It’s been over two years since Sony released the
Alpha DSLR-A100K (), its first digital single-lens reflex (DSLR) camera. The DSLR-A100K was a good camera based on technology that
Sony acquired from Konica Minolta’s DSLR division, but two years is a long time in the digital photography universe. Camera technology has changed since the DSLR-A100K’s release.
Now, Sony has released the newest in its Alpha line, the Alpha DSLR-A700. With some important upgrades and a number of changes, the DSLR-A700 aims at a different type of photographer than the type that would use the DSLR-A100K. Hoping to lure advanced amateurs, the DSLR-A700 competes strongly against DSLRs like Canon’s
EOS 40D () and Nikon’s
The DSLR-A700 has a 12.2-megapixel CMOS sensor and a Bionz (Sony’s name for its new imaging chip that has been optimized for the DSLR-A700’s sensor) image processor. With the combination of the new sensor and image processor, the DSLR-A700 offers good noise reduction and a performance boost over the DSLR-A100K. With a burst speed of 5 frames per second and a raw buffer that can hold 18 Raw files, the DSLR-A700 is right in line with its competition, performance-wise.
In the viewfinder, the DSLR-A700 uses a pentaprism (to reflect light from the lens to the viewfinder) rather than a pentamirror. The practical upshot is that the pentaprism in the DSLR-A700 creates an image in the viewfinder that’s brighter and clearer than the pentamirror viewfinder image in the DSLR-A100K.
Like the DSLR-A100K, the DSLR-A700 uses a sensor-based stabilization mechanism to help reduce the effect of camera shake on your shots. The stabilizer is definitely improved, and does seem to offer at least three stops of stabilization (Sony claims four stops). Your mileage will vary depending on how steady your hand is. The one major downside to sensor-based stabilization is that you don’t actually see the effects of the stabilization inside the viewfinder, making it difficult to frame telephoto shots.
The DSLR-A700 lens kit includes a 16mm to 105mm f/3.5 to f/5.6 lens, which has a 35mm film equivalency of 24mm to 160mm. The lens is small and light, and delivers decent image sharpness with some occasional chromatic aberration (purple fringes that appear around high-contrast edges).
The DSLR-A700 is well made and sturdy; like the
Olympus E-3 () that it competes with, it offers weather sealing that helps it withstand dust and moisture. The handgrip has good moldings that make for a firm grip and easy handling. Like the DSLR-A100K, the DSLR-A700 has a good number of external controls and buttons. In general, you won’t have to dive into a menu to adjust basic shooting functions. However, some of the controls, like drive mode, white balance, and ISO, are difficult to reach without changing your grip on the camera, whether you’re looking through the viewfinder or not. This slows down shooting and makes the camera more cumbersome than it needs to be.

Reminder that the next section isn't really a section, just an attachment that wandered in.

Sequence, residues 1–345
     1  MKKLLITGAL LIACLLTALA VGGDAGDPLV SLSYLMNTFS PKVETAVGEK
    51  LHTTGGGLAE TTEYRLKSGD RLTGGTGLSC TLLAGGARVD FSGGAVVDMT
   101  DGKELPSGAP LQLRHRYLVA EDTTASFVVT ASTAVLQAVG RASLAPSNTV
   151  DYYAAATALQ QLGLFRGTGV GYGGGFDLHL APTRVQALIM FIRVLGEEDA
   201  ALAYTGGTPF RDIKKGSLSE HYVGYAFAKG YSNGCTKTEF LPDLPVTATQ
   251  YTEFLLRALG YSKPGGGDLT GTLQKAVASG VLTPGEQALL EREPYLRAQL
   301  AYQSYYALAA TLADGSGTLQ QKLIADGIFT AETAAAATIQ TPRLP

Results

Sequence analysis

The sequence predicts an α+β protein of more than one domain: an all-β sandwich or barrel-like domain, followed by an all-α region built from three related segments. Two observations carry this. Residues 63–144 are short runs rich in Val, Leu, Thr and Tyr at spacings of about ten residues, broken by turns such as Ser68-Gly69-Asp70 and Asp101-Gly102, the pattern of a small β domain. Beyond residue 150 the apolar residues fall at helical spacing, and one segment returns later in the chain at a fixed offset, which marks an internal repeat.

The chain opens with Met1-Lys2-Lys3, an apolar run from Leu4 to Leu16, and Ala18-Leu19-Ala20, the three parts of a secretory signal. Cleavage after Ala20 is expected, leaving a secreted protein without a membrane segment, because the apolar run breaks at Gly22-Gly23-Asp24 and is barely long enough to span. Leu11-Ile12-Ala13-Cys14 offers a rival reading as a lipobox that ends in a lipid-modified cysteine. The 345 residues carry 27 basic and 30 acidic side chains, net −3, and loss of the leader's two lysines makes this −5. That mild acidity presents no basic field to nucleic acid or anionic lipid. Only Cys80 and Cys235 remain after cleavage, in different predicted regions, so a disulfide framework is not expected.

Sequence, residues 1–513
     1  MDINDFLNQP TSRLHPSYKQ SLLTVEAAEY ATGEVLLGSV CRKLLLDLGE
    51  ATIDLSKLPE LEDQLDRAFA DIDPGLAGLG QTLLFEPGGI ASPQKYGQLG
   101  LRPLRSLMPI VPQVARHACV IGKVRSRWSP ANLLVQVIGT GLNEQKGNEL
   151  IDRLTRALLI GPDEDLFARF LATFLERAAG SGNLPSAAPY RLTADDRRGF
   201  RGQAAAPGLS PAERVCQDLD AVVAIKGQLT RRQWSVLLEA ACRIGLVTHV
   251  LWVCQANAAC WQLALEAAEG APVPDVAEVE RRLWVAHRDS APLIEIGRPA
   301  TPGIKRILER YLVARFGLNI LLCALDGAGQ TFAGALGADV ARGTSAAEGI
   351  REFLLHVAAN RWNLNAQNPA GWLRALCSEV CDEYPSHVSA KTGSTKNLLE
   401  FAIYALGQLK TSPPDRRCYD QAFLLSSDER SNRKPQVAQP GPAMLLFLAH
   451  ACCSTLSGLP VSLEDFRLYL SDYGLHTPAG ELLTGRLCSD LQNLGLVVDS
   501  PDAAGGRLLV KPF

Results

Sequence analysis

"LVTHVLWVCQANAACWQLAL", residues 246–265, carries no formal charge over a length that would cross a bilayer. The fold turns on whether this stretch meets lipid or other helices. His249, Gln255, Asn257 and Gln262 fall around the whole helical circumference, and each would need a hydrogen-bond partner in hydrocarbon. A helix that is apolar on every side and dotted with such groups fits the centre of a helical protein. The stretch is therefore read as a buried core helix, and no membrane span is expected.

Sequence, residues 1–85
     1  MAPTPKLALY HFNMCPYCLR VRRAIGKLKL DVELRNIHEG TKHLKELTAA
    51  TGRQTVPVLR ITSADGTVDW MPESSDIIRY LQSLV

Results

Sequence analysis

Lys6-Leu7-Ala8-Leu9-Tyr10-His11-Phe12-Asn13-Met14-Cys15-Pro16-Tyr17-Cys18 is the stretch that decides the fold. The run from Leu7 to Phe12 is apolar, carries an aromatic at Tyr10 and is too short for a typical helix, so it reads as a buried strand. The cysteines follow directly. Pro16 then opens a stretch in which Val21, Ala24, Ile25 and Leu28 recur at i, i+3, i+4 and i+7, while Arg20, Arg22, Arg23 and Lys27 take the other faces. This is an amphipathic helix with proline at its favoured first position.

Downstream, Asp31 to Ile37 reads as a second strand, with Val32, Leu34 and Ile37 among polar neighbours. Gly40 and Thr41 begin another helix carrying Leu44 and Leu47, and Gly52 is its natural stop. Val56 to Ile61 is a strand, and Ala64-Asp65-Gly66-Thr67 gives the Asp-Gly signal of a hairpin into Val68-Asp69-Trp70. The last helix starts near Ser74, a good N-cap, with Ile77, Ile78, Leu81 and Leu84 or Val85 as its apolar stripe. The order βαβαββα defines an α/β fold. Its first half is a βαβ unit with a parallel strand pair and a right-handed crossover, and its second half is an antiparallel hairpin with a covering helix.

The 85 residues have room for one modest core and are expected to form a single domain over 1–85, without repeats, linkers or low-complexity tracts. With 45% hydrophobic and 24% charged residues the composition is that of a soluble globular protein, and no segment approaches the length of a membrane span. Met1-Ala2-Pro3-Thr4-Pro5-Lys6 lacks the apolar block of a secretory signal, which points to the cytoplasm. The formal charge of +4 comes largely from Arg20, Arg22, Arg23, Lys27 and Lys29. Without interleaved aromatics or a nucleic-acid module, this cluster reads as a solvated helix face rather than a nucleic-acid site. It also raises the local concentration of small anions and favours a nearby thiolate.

A mode dial on the top of the camera lets you change from program mode to priority and manual modes, as well as to custom scene modes. Exposure compensation, ISO, white balance, drive mode, and program shift can all be set from external controls.
Unfortunately, the viewfinder doesn’t show ISO settings. You have to frustratingly move your eye from the viewfinder to change ISO; if you’re looking through the viewfinder, you’ll find that the ISO control is not positioned for easy access.
The camera lacks a top-mounted status display; its 3-inch rear LCD is used to display camera settings. The DSLR-A700’s LCD offers high resolution and a bright display that’s easy to see in sunlight. That said, I still prefer a dedicated status display; they’re easier to see and you don’t have to figure out how to turn them on and off.
The problem with using the LCD for status is that when you look through the viewfinder, there’s a bright screen shining in your eye. Sony addresses this problem with a proximity sensor that automatically turns the screen on and off as you put the camera to your eye. This works well most of the time, but there are still times when the LCD screen becomes a distraction. For example, if you’re looking through the viewfinder and you activate the Exposure Compensation control, the LCD lights up. In low light, the bright screen can obscure your view.
Sony uses the proximity detector for another purpose. The camera’s continuous autofocus feature (which tells the camera to constantly autofocus as the camera is moved around) automatically activates when you put the camera to your eye, and deactivates as you take the camera away. This can help save battery life. The most glaring missing feature is live view—the ability to use the LCD as a viewfinder. I don’t use live view often, but because all of the competing cameras have this feature, its absence from the DSLR-A700 is quite noticeable.
Macworld’s buying advice
The Sony Alpha DSLR-A700 is close to being a strong competitor in the DSLR market. It can produce good images, but it’s obvious when using the camera that Sony does not have the legacy of interface development that Canon and Nikon have. The DSLR-A700 has enough handling quirks to frustrate photographers, especially those who suddenly find themselves in a photo opportunity.
[Ben Long is the author of Complete Digital Photography, fourth edition (Charles River Media, 2007).]